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Talking With Teens and Youth During Challenging Times

A father, mother and daughter walking in a field in the countryside.

Stress, anxiety, and depression are words that are often thrown around loosely in conversation, but what effects do they truly have on young people? Especially in times of challenge, unmet expectations or the unknown, feelings can be hard to express. Young people rely on adults to fill the need for safe and effective opportunities to communicate feelings regarding the ever-changing world.

As a means of communication, adults may choose to have a sit-down conversation with the young person in their life. This conversation may be formal, informal, planned, or spur of the moment. These conversations with youth could focus around situational disappoints and unmet expectations, but could also encompass larger, long term mental health challenges. In all cases, being prepared to respond in an accepting and positive manner. As adults in the lives of young people, we set the precedent for how youth react and respond to changes and challenges. If an adult remains calm and understanding, youth are more likely to do the same. This approach will better equip youth with acceptance and gratitude for the things that are going well and opportunities that still exist.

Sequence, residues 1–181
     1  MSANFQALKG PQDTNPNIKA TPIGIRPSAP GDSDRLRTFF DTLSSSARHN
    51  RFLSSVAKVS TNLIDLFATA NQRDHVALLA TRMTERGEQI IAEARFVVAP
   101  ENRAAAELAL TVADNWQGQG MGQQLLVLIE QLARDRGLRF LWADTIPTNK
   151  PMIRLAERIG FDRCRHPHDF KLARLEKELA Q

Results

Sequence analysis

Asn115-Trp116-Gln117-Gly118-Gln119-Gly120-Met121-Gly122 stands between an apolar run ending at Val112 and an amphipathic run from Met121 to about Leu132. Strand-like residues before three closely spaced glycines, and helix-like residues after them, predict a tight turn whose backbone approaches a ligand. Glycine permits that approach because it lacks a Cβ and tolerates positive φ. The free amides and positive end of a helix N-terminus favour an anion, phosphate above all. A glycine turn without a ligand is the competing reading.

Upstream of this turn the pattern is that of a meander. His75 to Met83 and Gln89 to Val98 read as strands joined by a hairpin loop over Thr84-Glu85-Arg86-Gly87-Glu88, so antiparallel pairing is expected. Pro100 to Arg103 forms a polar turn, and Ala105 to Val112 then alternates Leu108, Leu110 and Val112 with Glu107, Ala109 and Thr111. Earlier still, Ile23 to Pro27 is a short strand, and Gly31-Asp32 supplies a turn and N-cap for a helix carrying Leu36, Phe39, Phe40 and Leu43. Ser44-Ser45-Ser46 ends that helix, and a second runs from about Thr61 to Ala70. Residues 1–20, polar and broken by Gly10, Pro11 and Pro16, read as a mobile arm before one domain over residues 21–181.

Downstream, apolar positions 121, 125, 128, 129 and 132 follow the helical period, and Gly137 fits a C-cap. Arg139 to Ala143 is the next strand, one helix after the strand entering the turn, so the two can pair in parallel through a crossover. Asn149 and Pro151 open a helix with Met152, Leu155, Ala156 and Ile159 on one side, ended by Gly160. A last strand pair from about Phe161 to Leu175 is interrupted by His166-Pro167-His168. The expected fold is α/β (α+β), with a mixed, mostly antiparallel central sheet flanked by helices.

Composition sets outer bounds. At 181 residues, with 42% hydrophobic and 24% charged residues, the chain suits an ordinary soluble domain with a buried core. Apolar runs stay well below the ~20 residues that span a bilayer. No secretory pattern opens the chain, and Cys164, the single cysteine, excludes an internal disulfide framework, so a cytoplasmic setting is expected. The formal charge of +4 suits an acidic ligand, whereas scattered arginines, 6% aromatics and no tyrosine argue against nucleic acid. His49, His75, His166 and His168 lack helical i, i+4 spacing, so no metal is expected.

Before Starting

Before starting a more formal, sit-down conversation, take some time to do a self-evaluation making sure you are the correct person to have the conversation and that you are in control of your emotions. It is commendable to be able to conduct a self-assessment and realize your emotions are too raw, you are too invested, or there might be someone who would better meet the needs of the young person. Questions you can ask are: how am I feeling today, how does this disappointment or unmet expectation make me feel or what things am I choosing to stress about? Once you’ve done the self-assessment it is time to approach the young person.

As you approach starting a conversation, know that the value of some of these challenging conversations far outweighs the potential awkwardness of starting them. Remember, this conversation is about the young person in your life, not the adult’s experiences or feelings. Go into the conversation with an open mind, open heart, and willingness to listen.

Utilizing open ended questions and using “I” statements will ensure a successful approach. “I” statements help you share observations. An example would be, “I’ve noticed you seem extra tired recently.” Open ended questions allow the youth person to lead the conversation and set the tone. Asking age appropriate questions is also important to keep in mind when talking to young people and provide answers to their questions for their appropriate developmental age.

Questions to Consider

Here are some conversation questions to get you started:

  • Ages 8-10: Focus on small points of view such as friends, family, and things they have done.
    • “What has it been like not being around your friends or family?” (Pick a specific friend or favorite cousin)